America is rapidly approaching 10,000 cases of COVID-19 for individuals who were diagnosed AFTER they became fully “vaccinated” by the controversial experimental drugs.
As of April 26, there have been 9,245 reported cases according to the Centers for Disease Control and Prevention (CDC).
Once again, the CDC has changed their course and will modify how it tracks breakthrough COVID-19 cases among fully vaccinated Americans this month.
This driving even more growing concerns from scientists about the potential for inadequate data, reports Bloomberg.
CDC switched from monitoring all reported breakthrough cases to ONLY ones that result in hospitalization or death as of May 1, Tom Clark, MD, head of the vaccine evaluation unit for the CDC’s vaccine task force announced.
The CDC’s stated goal this time is to “improve the quality of data collected for severe cases that have the greatest clinical and public health importance.”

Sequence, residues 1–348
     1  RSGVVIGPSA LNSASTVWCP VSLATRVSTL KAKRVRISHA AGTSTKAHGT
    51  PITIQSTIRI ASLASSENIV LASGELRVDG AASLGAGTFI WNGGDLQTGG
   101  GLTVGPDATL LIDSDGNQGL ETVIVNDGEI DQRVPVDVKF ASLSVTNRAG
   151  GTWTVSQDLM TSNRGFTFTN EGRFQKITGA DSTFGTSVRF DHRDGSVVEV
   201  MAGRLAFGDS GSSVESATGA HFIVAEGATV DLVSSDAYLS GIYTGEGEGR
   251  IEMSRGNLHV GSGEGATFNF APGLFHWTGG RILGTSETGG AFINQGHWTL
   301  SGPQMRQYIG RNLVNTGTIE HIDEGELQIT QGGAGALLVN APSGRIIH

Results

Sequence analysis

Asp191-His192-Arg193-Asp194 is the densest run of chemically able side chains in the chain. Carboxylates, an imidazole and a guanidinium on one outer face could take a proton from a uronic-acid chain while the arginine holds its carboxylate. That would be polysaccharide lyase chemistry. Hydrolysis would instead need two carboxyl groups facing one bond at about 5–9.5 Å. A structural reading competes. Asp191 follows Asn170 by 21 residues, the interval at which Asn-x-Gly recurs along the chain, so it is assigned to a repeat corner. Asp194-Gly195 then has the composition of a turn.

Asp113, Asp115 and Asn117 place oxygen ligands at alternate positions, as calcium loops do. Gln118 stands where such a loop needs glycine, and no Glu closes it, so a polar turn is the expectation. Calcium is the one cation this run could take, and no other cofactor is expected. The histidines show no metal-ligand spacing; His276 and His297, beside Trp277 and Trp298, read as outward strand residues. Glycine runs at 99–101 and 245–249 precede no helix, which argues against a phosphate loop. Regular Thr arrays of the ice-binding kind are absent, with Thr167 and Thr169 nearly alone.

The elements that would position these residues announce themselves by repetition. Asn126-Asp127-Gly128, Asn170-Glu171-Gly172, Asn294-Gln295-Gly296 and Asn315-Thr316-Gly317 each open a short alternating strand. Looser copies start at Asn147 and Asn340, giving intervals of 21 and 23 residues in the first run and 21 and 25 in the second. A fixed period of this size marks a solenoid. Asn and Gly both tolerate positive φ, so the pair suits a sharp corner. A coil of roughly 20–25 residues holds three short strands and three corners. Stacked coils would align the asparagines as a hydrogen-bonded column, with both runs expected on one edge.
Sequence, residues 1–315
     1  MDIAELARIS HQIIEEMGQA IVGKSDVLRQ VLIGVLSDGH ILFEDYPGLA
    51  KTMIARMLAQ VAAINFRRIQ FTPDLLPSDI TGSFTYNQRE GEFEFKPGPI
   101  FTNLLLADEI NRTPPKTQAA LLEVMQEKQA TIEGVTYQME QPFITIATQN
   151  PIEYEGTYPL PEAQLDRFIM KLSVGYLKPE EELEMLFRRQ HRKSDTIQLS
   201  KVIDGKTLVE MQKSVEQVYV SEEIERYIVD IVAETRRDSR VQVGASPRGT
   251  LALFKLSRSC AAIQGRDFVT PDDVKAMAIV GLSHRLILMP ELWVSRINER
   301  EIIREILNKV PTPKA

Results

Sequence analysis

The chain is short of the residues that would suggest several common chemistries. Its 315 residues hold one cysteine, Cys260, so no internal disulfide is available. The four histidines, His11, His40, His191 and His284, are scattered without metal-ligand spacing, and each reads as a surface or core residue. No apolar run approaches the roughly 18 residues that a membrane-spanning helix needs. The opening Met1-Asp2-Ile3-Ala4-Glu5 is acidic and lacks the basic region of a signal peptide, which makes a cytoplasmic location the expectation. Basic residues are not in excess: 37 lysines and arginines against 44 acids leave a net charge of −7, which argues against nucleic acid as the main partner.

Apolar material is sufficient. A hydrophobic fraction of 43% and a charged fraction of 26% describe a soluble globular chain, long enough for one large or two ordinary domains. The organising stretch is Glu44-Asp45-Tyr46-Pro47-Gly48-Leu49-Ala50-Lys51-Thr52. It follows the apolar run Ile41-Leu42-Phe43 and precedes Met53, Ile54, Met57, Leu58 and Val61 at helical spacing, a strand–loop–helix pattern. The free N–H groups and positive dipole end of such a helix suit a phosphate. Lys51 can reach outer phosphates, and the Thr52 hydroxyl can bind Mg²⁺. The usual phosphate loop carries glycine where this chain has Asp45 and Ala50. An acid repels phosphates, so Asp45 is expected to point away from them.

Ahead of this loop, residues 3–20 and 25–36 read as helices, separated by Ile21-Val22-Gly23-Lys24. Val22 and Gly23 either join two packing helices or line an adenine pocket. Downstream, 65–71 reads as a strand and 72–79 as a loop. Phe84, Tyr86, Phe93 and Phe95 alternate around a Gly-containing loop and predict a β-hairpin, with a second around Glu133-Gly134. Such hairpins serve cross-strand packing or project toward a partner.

Some scientists indicate the change allows CDC to discount or eliminate important data needed to understand why and how breakthrough cases happen.
“We shouldn’t be narrowing the focus, we should be broadening and develop a systematic plan,” Eric Topol, director of the Scripps Research Translational Institute in La Jolla, Calif., told Bloomberg.
The CDC opted to change its strategy claiming they found “few concerning patterns in the current data,” Dr. Clark said. He added that the agency is also planning future vaccine research to compare disease severity and the frequency of variant infections among vaccinated and unvaccinated participants.